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Will hand sanitizers blow up on your hands?

Cold and flu season is well upon us and those of us with no interest in sharing others germs may well be relying heavily on hand sanitizers at this time of year.

But are they safe? A couple of emails circulating suggest they’re not.

In one, a rather gory picture of burned hands says that the unfortunate owner of the hands used a hand sanitizer at work, then immediately went outdoors to smoke a cigarette. When he attempted to protect the flame from his lighter with his hand, the gel on his skin caught fire.

True? 

Well, no. 

The picture included in the email is actually a picture of burns suffered by an electrician at the Idaho National Lab. He was installing lighting fixtures, and a tool he was using came into contact with a live wire.

So the picture was false, but can you catch your hands on fire after using a hand-sanitizing gel?

The urban legends website at Snopes says that “hand sanitizers are typically alcohol-based gels containing isopropanol and/or ethyl alcohol, both of which are flammable.” They state they conducted their own experiments and found that even a small amount of the gel was readily flammable, though “the resulting fire burned relatively cool and was easily extinguished.”

In contrast, a 1998 study by the Federal Aviation Administration found an ethanol-based hand cleaner was “often difficult to ignite,” though they also found any resulting fire relatively easy to put out.

No one, however, conducted tests whereby the gel on someone’s hand was lit on fire in order to measure how easily it ignited, or how easily it was extinguished. (Or even how much it hurt.) Understandable, and this information should probably carry that well-known proviso, “don’t try this at home!”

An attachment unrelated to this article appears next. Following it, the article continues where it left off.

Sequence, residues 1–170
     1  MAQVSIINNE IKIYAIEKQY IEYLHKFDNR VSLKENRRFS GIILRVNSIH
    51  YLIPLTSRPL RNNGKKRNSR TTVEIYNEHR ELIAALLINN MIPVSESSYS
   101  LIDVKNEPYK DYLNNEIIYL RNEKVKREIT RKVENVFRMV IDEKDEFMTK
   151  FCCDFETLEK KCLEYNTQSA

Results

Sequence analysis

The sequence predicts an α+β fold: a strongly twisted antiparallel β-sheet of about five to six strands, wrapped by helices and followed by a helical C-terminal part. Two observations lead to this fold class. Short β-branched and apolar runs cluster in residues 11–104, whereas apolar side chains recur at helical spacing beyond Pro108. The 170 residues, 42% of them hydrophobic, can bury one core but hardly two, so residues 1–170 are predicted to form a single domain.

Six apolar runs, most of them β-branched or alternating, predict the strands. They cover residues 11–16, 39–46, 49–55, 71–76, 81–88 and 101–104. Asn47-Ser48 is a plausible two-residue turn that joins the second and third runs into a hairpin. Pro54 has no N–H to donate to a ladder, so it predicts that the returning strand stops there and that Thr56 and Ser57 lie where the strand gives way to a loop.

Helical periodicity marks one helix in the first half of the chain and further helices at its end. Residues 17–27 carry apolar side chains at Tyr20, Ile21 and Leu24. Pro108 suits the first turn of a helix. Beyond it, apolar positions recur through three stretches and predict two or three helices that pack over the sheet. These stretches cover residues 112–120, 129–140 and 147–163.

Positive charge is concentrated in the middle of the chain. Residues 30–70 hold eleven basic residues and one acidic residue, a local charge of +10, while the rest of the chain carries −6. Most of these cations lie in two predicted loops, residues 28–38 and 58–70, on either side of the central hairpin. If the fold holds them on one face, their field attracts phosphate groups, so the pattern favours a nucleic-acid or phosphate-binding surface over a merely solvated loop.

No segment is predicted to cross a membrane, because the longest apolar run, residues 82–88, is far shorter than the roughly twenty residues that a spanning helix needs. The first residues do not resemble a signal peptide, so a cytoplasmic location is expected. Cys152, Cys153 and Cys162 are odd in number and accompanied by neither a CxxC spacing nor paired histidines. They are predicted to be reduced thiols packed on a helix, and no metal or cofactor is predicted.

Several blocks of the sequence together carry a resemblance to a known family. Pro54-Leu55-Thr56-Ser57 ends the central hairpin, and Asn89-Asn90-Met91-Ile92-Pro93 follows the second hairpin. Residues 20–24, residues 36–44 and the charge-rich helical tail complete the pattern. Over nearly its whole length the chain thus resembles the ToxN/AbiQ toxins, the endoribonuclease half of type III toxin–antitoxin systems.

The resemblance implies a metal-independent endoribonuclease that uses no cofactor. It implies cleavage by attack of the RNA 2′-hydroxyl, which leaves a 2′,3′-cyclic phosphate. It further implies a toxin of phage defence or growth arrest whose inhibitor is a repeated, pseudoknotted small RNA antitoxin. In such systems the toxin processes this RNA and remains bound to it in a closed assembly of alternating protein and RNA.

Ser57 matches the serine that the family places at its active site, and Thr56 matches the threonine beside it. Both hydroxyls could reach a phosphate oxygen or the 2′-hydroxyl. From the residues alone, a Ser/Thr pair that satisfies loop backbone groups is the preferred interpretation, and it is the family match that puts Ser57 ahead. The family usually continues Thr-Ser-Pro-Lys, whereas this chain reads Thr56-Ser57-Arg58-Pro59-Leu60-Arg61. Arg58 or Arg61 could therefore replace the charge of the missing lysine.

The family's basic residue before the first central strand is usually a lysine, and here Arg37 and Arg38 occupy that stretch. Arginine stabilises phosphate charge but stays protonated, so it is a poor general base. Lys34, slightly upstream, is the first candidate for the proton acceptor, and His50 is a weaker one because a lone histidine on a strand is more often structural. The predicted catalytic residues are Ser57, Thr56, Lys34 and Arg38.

If you want to make sure you’re completely safe, any trace of hand sanitizer should probably be removed from your hands before you place your hands near flame.

That handy hand-sanitizer is also implicated in another circulating email. This one tells of a small child who ingested just a small amount of the sanitizer, and ended up with alcohol poisoning.

The email, which happens to be a true story for a change, says that doctors warned the child’s parents that even three “squirts” of ingested hand sanitizer for child as small as theirs (a two-year-old) could result in a blood alcohol level of .10.

The point, of course, is that hand sanitizers are similar to other substances found in most households in that they contain ingredients that are potentially toxic to young children. Remember Mr. Yuk? Hand sanitizers need a big Mr. Yuk sticker right on the front.

Given these two emails, you might want to toss your hand-sanitizer right into the nearest trash receptacle, but consider this before you do. In a 2005 study by Children’s Hospital, they discovered that those who use hand-sanitizer gels experienced a 59 percent reduction in gastrointestinal illness, and that increased use of hand sanitizers corresponded with a decreased spread of contagions.

A study by James H. Quillen Veterans Affairs Medical Center of the efficacy of hand sanitizers showed that a 62 percent alcohol concentration was necessary in order to be an effective anti-bacterial.

By the way, the CDC estimates their are approximately 36,000 deaths each year caused by flu and/or pneumonia.

All this information together would seem to suggest that hand sanitizers have a place in a family’s plan for wellness. Just treat it as you would any other medicine - don’t make it readily available to small children, and exercise some minor precautions.

And whenever you have questions about an email you’ve received, take time to check it out. Visit Snopes at www.snopes.com.

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Landon Otis

Tagged as:

health, hand sanitizers

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